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The Sunday Papers

Sundays, like every other day, are for the written word. It's part of what makes us human: those ants of script crawling across page after page. Those wisps of intellectual ether frozen into ink and pixel. If there was nothing else to do besides read, we would still experience lives of extraordinary richness. Unless you were just reading reviews of Call of Duty games. Then it'd be shit.

  • Edge Online talked to Jon Blow and Chris Hecker, at the same time. Well, they actually take turns to say stuff - Edge Online isn't some creature of miraculous dual-consciousness and doubled attention centres that can interview people in parallel. It's just a guy. Gary Edge. He's okay. Anyway, in the interview Hecker says this: "There’s a kind of punk theory going on in the industry right now. Frank Lantz, the head of the NYU Game Center, talks about this all the time. We’ve got developers like Mark Essen, the guy who did Flywrench and is doing Nidhogg now – they show their games in art galleries, and they’re brash and loud. It’s a cool movement. There’s a comparison to be made with music here. Big bands like Led Zeppelin or The Beatles took their craft farther and deeper. You can throw together a song and bash it out and if you’re naturally talented there’ll be something cool there – but you’ve got to develop your craft, and a lot of these kids they just don’t take it anywhere – they throw together a game in a weekend, then go on to the next thing." And much more besides. Go read.
  • Design Reboot's Against Dilettantism is a well-argued read, and apt to lots of game design blather that we hear at the moment, particularly from big companies. Here's how it begins: "Designer, know thy shit. The less pithy formulation being that the onus of expertise lies with the designer. I suppose that's a little opaque; I am suggesting that a more research-driven approach benefits all game design, that it is central to sustaining the creative lifeblood of the form. And what's good for the form is ultimately good for the business."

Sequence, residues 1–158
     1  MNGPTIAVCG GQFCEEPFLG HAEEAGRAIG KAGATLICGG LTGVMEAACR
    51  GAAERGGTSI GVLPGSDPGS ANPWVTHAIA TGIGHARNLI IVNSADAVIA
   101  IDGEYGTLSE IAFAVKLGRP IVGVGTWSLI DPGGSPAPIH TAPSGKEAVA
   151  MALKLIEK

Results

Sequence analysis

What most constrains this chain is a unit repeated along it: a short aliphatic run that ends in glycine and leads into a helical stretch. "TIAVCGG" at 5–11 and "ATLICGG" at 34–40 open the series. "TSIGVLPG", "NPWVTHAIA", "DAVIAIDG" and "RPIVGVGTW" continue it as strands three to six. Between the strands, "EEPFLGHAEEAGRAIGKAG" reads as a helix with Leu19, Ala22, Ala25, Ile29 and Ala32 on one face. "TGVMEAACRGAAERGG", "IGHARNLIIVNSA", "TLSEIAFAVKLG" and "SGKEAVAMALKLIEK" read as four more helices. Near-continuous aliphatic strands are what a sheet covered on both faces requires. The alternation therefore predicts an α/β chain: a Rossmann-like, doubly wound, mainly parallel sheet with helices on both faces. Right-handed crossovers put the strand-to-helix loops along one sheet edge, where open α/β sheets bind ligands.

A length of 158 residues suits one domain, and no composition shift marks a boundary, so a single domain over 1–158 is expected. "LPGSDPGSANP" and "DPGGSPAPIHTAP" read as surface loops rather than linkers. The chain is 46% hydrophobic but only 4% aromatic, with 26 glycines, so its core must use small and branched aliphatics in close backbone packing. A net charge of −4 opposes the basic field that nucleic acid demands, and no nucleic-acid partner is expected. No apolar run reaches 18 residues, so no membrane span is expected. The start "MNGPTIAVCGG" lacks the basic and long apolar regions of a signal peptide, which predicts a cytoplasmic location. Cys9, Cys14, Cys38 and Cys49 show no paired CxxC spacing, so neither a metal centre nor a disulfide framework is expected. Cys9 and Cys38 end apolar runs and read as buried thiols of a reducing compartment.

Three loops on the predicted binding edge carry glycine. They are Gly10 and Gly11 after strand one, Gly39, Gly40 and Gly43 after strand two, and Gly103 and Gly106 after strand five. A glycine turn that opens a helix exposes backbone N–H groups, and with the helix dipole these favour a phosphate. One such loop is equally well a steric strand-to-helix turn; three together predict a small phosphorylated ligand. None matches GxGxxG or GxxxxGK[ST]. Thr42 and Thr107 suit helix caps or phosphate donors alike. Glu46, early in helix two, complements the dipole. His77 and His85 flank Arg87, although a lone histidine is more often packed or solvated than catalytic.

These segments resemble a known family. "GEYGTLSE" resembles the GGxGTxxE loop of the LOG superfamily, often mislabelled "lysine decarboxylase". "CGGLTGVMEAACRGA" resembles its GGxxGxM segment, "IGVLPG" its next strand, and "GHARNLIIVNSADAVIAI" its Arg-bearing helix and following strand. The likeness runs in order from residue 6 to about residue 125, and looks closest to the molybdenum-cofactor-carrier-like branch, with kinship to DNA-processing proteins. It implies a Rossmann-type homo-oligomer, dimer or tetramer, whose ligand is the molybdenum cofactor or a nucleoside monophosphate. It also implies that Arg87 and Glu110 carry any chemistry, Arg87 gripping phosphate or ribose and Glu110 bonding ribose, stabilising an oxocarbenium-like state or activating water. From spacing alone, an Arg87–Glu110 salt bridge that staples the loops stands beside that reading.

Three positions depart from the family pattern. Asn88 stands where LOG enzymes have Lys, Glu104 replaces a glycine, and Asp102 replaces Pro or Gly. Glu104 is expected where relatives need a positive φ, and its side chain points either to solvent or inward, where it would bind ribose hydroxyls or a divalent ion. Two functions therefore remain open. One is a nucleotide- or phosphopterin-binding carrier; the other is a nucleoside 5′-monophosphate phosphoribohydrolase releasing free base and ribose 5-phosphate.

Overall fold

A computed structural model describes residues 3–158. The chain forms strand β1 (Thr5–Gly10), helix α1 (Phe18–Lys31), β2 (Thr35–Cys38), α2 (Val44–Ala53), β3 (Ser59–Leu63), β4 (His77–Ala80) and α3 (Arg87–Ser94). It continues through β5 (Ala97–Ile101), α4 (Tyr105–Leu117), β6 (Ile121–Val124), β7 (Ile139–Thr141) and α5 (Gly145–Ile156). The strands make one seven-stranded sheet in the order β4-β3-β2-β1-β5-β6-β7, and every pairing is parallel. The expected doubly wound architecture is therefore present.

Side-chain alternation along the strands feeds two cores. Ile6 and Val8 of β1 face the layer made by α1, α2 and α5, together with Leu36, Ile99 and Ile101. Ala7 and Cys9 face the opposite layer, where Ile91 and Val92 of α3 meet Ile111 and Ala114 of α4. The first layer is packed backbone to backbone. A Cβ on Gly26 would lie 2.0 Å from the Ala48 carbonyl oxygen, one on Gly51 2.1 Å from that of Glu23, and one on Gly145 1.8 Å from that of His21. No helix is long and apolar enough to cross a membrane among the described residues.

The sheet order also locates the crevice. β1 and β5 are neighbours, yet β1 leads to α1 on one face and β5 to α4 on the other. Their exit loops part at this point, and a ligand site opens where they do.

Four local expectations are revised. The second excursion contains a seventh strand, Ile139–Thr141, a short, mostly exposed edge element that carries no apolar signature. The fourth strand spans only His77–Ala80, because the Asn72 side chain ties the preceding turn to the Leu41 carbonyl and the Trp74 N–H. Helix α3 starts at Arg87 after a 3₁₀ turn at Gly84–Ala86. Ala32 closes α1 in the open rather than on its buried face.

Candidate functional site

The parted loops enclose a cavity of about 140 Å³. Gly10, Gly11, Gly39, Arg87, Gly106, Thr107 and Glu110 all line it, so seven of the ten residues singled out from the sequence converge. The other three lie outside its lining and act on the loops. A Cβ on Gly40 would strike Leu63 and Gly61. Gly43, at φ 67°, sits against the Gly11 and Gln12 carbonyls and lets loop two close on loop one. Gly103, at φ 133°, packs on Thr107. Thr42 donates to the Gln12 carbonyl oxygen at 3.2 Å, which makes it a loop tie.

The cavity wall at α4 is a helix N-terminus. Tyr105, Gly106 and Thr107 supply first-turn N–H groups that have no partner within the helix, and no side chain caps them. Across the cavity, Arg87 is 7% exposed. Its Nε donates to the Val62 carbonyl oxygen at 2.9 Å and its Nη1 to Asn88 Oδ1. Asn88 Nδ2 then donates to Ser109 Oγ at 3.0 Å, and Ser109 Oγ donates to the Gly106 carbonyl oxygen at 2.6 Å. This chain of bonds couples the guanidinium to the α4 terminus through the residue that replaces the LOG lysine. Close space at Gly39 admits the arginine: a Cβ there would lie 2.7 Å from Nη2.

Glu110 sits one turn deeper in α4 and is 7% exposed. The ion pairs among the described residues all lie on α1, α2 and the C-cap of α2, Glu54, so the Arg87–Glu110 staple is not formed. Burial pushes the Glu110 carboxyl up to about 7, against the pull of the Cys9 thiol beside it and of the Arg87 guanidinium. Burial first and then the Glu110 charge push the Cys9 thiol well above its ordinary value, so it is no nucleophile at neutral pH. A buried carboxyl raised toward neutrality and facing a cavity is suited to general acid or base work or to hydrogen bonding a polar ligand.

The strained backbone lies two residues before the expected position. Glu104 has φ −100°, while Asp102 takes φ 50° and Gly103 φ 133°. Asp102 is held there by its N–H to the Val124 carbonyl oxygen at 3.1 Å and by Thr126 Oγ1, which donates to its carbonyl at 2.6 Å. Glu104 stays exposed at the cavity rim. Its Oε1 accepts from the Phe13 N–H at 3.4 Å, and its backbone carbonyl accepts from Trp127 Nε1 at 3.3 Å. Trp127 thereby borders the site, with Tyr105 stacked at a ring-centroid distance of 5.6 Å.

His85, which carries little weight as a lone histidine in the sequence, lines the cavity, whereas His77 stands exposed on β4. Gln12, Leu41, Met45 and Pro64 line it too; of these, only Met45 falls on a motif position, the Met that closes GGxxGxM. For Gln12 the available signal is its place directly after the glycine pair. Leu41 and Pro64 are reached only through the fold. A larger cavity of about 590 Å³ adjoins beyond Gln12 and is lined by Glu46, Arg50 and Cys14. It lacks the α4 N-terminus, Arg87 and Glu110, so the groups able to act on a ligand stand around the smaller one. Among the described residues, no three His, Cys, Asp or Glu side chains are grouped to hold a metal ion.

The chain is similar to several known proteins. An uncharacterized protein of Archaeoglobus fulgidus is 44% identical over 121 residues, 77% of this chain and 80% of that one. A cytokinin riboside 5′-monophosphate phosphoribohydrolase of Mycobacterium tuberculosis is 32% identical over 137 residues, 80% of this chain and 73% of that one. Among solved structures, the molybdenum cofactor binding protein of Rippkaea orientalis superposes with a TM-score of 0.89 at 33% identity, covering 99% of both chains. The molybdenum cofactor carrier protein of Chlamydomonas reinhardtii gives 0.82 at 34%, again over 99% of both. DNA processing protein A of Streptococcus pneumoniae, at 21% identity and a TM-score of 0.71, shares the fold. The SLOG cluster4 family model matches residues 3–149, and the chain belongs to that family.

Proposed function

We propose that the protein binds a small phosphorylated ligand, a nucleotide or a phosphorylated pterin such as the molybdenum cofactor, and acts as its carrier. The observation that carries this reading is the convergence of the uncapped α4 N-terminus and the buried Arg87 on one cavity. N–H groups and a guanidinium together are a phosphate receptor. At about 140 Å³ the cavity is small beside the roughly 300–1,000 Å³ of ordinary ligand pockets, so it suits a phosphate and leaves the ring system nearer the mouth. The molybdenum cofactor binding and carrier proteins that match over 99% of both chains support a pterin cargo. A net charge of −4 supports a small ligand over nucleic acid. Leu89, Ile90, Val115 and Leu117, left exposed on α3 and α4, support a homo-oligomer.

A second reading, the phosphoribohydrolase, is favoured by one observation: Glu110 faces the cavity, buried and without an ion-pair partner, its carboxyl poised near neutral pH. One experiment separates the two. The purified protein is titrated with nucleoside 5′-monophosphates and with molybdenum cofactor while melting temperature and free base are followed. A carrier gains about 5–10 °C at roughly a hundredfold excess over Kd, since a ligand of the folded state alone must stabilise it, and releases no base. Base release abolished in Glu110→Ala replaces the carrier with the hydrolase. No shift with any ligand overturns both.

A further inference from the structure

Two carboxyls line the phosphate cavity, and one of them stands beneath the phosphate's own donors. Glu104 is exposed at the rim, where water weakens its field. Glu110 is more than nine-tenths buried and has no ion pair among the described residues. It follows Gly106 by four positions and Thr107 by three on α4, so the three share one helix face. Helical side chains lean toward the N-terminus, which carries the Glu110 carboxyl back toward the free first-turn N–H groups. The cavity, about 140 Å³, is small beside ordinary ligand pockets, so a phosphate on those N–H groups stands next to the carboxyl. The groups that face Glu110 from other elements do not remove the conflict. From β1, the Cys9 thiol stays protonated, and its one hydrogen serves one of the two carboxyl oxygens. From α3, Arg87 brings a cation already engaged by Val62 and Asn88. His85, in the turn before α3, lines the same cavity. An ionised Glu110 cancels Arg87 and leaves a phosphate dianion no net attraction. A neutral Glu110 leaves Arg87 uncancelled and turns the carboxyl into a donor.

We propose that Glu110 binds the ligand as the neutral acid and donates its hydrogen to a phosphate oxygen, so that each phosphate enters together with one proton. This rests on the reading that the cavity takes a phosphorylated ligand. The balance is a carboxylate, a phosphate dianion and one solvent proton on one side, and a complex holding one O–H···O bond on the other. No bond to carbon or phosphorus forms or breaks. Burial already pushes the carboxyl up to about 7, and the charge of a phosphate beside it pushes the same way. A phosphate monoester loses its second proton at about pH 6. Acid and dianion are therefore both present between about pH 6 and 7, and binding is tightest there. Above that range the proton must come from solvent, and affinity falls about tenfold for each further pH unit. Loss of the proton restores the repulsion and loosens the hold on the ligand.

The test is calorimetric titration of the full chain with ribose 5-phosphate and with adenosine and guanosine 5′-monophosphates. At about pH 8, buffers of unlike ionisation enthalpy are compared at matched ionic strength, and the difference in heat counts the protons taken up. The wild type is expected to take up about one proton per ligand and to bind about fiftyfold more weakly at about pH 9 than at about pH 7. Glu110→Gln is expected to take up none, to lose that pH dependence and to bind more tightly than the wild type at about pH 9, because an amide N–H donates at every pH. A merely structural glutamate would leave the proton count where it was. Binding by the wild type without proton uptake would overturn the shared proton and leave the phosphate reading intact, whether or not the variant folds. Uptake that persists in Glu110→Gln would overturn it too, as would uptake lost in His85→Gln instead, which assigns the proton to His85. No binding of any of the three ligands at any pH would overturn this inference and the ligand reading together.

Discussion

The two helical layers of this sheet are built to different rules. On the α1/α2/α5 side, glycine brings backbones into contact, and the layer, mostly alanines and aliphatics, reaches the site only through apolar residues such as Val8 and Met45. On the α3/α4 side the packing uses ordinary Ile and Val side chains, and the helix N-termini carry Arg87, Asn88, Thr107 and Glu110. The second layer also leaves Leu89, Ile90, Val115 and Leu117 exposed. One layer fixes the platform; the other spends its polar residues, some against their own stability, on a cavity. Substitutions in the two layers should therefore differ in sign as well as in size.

• The Archaeology of Fallout 3. Which is a concept that has been around since at least System Shock, but it's interesting to focus on it. Speaking of Fallout 3, I was in a phone shop the other day and I was talking to the chap behind the counter. He really liked Fallout 3 he said, because there have never been a game like that before. I wasn't sure what he meant, and so delved a little into his reasoning. And what it boiled down to was that he knew nothing of RPGs. He had never played any, never even heard of them, really. All he knew was shooters. Along came Fallout 3 which it shooter visuals and all this other stuff, and it blew his mind. An interesting bit of perspective there, I thought.
  • Ars Technica like to tackle the big issues, and here's one: the pricing of indie games. Are the antics of indies and sale-mad distributors devaluing the entire market? Probably.
  • NGamerMag's Top 10 Stories of 2010 is absolutely amazing.
  • FuckYeahMidwinter.
  • Hacktivist games - there's a hot topic that no one is writing about. No one except Strongman Games. Here's a snippet: "Any innocuous-looking match-three game on a games portal could be a concealed weapon, although I suppose portals have mechanisms in place to prevent this." I'm not so sure.
  • This is fairly interesting. "Virtual worlds pioneer, Jon NEVERDIE Jacobs, has revealed that he has brought his fiancé back from the dead as an avatar, and part of the launch of his latest virtual destination, the new Club NEVERDIE." And so on. People are awesome, aren't they?
  • What is happening to APB? Find out here.
  • The Wall Street Journal interviews the man who led the CODBLOPs development team. Dave Anthony is his name. Here's a sample quote: "He types his notes on his iPhone. "I think of it as my third arm," he said." Okay!
  • BigDownload end the year by talking about the future of PC games. It turns out that there's nothing very surprising about the future, because most of it is happening already. For another take on the future of games have a read of this.
  • While we're over at BigDownload, check out their interview with the designer of the Back To The Future games.
  • This Hollywood Reporter piece on the links between Tron and videogames is interesting, because you can see why it should make sense. However, if you've played movie-related games for the past 30 years, you might have a different perspective on things.
  • Nukezilla applies Ebert's rules for reviewing stuff to videogames. Some of it makes sense, and some of it - we know through having done this stuff for a few years - doesn't. See if you can see which is which!
  • This essay by [SPECULATIVE NOVELIST] Bruce Sterling, which examines Wikileaks, Assange, Manning, and the context around the entire Cablegate issue, is one of the best piece of writing of 2010. Everyone should read it.

And for something to listen to... Well, there's this. Merry Day After Christmas On The Internet, everyone.

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Jim Rossignol